Find out more about Otis Taylor’s creative impetus, as he explores signature cuts from his new album and a catalog that’s quickly growing in stature. Taylor, after an early period of musicmaking in a series of teen-era blues-rock bands, left the stage from 1977 until 1995 — only to restart his career with an attendant burst of avant-garde creativity.
Contraband, which takes its title from the name given to runaway slaves who escaped across Union lines during the Civil War, follows and then expands upon the uniquely modern Colorado-based bluesman’s tradition of heart-rending narratives and brilliantly complex instrumentation — all woven together inside of a pounding, trance-like groove. He has quickly become one of the most exciting and original voices in a genre badly in need of both …
“RESURRECTION BLUES,” (WHITE AFRICAN, 2001): A stand-out cut on the project that introduced Taylor’s brand of bone-chilling trance blues to a wider audience. The album, which ended up earning four W.C. Handy nominations on the way to best new artist debut honors, was brutally frank in its discussion of a series of devastating twists of fate – from an old South lynching (“Saint Martha Blues”) to the plight of the homelessness (“Hungry People”) to the desperate feeling of being unable to afford care for a dying child (“3 Days and 3 Nights”). On a song-cycle filled with them, however, Taylor has called “Resurrection Blues” – told from the point of view of Jesus, as he contemplates crucifixion – his most intense composition ever.
OTIS TAYLOR: The album started out slow. Most albums, the first song is a fast song – a more “up” song. I started off slow and then I got slower – and then I got slower. And then I got darker and darker. I started off with a lynching, then “Resurrection Blues” – about a guy who’s dying. Then I did “Three Days and Three Nights,” about a guy watching his daughter die – you know, “if I fall asleep, Jesus will hold your hand.” Those were some of my best lines, I think. It was just dark. Most people wouldn’t do something like that. Blues fans like it, but they kind of didn’t, at the same time: “Nice album, but he ain’t playing at our festival.” I don’t think there was a big commercial appeal for it. I was named entertainer of the year, and I only got two blues festivals that year. They weren’t ready for it; they still aren’t. People are still having trouble with what I do.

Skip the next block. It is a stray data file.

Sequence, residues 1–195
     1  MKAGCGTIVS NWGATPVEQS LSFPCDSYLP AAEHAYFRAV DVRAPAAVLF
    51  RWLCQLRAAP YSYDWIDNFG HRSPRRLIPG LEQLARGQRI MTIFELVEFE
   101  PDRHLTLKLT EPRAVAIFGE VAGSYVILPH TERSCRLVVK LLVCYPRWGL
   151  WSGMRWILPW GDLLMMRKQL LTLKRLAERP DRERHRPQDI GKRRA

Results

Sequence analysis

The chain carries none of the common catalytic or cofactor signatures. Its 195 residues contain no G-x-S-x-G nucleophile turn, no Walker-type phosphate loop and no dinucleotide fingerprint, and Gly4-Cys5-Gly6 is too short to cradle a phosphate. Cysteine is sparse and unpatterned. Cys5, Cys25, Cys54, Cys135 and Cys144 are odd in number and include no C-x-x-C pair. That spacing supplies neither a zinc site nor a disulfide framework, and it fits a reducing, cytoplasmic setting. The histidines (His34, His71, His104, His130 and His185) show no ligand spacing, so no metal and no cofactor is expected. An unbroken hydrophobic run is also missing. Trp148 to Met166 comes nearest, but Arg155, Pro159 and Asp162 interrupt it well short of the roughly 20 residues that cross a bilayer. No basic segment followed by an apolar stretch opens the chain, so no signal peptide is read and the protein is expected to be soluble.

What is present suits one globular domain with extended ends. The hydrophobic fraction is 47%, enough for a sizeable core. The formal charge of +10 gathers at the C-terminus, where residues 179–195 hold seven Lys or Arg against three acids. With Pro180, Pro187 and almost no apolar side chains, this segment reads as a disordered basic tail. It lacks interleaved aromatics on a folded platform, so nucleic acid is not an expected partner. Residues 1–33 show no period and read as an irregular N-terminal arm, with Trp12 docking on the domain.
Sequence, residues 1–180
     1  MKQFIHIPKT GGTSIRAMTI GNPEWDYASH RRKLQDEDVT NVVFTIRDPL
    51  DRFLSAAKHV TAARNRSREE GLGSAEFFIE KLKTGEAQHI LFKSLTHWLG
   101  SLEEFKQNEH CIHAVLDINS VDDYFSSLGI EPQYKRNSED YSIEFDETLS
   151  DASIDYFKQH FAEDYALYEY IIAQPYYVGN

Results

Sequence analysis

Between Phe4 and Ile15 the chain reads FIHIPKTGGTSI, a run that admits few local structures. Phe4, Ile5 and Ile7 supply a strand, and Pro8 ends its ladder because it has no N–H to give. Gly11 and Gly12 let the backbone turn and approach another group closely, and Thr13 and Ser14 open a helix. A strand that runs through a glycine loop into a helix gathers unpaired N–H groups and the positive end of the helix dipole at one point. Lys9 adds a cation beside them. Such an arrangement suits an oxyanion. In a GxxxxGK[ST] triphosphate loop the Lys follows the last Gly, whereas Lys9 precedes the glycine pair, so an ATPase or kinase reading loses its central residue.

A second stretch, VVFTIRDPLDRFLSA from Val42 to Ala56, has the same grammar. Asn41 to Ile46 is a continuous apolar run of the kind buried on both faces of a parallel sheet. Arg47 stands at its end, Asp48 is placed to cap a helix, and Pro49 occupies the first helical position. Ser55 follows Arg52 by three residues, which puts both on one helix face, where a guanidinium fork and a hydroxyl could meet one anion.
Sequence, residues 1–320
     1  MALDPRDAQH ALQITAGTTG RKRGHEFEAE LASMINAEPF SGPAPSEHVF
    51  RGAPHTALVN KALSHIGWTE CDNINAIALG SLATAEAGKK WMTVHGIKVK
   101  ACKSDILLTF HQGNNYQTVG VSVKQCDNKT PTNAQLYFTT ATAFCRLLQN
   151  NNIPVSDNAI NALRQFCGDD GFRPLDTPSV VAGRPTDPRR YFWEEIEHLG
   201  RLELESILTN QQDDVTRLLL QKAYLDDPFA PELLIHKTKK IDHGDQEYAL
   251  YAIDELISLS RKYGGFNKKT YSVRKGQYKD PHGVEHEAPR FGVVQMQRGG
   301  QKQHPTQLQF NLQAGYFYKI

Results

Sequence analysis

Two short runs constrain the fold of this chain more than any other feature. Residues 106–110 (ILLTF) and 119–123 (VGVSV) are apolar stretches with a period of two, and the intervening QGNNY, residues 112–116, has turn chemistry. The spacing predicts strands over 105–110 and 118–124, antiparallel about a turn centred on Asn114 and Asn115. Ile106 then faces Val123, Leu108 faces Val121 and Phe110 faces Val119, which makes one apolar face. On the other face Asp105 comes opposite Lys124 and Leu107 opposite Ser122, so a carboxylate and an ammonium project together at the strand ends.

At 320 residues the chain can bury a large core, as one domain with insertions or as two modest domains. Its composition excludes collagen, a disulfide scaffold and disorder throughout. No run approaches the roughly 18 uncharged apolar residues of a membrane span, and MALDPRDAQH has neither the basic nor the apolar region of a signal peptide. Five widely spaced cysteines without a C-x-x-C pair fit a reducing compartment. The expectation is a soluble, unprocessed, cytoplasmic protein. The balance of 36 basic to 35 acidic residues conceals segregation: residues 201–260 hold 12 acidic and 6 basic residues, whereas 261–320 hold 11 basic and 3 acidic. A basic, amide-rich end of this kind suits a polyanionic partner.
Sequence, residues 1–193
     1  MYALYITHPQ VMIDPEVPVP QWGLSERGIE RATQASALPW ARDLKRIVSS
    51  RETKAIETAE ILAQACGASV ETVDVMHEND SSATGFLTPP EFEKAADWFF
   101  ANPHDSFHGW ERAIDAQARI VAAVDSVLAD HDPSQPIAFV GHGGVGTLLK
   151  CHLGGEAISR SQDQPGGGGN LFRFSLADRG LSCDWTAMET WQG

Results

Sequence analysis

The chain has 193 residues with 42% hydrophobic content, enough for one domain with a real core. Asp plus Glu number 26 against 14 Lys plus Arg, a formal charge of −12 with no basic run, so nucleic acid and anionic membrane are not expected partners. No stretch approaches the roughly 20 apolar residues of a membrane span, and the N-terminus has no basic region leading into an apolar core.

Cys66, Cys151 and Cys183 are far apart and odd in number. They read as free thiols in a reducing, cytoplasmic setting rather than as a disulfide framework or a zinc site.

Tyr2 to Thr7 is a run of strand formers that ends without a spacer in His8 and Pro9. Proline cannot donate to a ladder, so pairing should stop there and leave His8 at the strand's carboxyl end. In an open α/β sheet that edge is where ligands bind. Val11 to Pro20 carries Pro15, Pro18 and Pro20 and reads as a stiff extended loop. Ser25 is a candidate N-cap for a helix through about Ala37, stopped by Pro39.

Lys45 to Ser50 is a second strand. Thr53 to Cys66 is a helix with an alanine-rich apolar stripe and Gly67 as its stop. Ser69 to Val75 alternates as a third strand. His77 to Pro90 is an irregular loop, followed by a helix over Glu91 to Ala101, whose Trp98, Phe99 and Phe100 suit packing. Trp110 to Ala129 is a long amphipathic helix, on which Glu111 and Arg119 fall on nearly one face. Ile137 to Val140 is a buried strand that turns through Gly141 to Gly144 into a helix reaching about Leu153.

[SOMETHING ELSE! INTERVIEW: Otis Taylor discusses the state of the blues today, career intersections with Tommy Bolin and Gary Moore — and the forgotten African-American legacy surrounding the banjo.]
“OPEN THESE BARS,” (CONTRABAND, 2012): The longest cut on Taylor’s forthcoming album takes the listener into the relentless, harrowing loneliness of a jail cell as a black man contemplates an imprisonment simply for looking at a white woman in the dangerous darkness of Jim Crow America. Riven by fear, Taylor’s character can only cry, with a resigned helplessness, “Let me go, let me go, let me go.” Over and over, he says these searing words – knowing, as do we, that they will simply echo forever off the stone walls around him.
OTIS TAYLOR: My albums can be designed to take you on a heavy journey. But what do they use in Hollywood to get the movie going? Music. So music is really just a path for my words. There was a time when black people couldn’t say what they wanted to say. Luckily, I’ve come of age in a time when I can do that. I don’t use a lot of words either, so that makes it that much more intense. Then I say them like mantras. It can be cryptic at times, I guess. But I’m not any darker than Appalachian people. I don’t know what it is, but people aren’t used to hearing things like that in the blues – even though the blues are supposed to be sad music. I don’t know what happened. It was like blues fans got a little too happy with the music.